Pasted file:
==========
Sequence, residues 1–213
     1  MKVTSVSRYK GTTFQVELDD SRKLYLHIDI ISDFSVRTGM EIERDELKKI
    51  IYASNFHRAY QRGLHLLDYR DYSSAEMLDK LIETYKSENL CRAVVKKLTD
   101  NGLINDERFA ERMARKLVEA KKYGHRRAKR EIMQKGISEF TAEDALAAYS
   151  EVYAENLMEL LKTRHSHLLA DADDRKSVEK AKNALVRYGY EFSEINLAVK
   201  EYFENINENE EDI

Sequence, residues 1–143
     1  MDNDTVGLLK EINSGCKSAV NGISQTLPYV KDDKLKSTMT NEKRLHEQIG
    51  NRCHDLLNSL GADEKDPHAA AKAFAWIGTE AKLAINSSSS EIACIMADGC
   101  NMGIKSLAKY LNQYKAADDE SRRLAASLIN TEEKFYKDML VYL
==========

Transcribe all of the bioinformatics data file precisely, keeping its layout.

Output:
Sequence, residues 1–213
     1  MKVTSVSRYK GTTFQVELDD SRKLYLHIDI ISDFSVRTGM EIERDELKKI
    51  IYASNFHRAY QRGLHLLDYR DYSSAEMLDK LIETYKSENL CRAVVKKLTD
   101  NGLINDERFA ERMARKLVEA KKYGHRRAKR EIMQKGISEF TAEDALAAYS
   151  EVYAENLMEL LKTRHSHLLA DADDRKSVEK AKNALVRYGY EFSEINLAVK
   201  EYFENINENE EDI

Sequence, residues 1–143
     1  MDNDTVGLLK EINSGCKSAV NGISQTLPYV KDDKLKSTMT NEKRLHEQIG
    51  NRCHDLLNSL GADEKDPHAA AKAFAWIGTE AKLAINSSSS EIACIMADGC
   101  NMGIKSLAKY LNQYKAADDE SRRLAASLIN TEEKFYKDML VYL